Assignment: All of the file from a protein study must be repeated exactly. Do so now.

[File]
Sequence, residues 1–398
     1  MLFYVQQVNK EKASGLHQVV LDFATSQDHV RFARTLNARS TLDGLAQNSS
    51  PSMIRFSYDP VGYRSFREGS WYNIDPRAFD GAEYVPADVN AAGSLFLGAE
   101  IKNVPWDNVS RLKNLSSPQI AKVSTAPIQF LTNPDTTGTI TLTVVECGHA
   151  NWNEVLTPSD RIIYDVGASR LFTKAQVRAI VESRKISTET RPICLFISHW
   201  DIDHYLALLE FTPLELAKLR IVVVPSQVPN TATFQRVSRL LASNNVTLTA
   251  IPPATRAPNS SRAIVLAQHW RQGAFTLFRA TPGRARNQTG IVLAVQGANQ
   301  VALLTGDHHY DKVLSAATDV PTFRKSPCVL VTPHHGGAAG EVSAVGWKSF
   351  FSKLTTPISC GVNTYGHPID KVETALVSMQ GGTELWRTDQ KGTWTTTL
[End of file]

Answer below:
Sequence, residues 1–398
     1  MLFYVQQVNK EKASGLHQVV LDFATSQDHV RFARTLNARS TLDGLAQNSS
    51  PSMIRFSYDP VGYRSFREGS WYNIDPRAFD GAEYVPADVN AAGSLFLGAE
   101  IKNVPWDNVS RLKNLSSPQI AKVSTAPIQF LTNPDTTGTI TLTVVECGHA
   151  NWNEVLTPSD RIIYDVGASR LFTKAQVRAI VESRKISTET RPICLFISHW
   201  DIDHYLALLE FTPLELAKLR IVVVPSQVPN TATFQRVSRL LASNNVTLTA
   251  IPPATRAPNS SRAIVLAQHW RQGAFTLFRA TPGRARNQTG IVLAVQGANQ
   301  VALLTGDHHY DKVLSAATDV PTFRKSPCVL VTPHHGGAAG EVSAVGWKSF
   351  FSKLTTPISC GVNTYGHPID KVETALVSMQ GGTELWRTDQ KGTWTTTL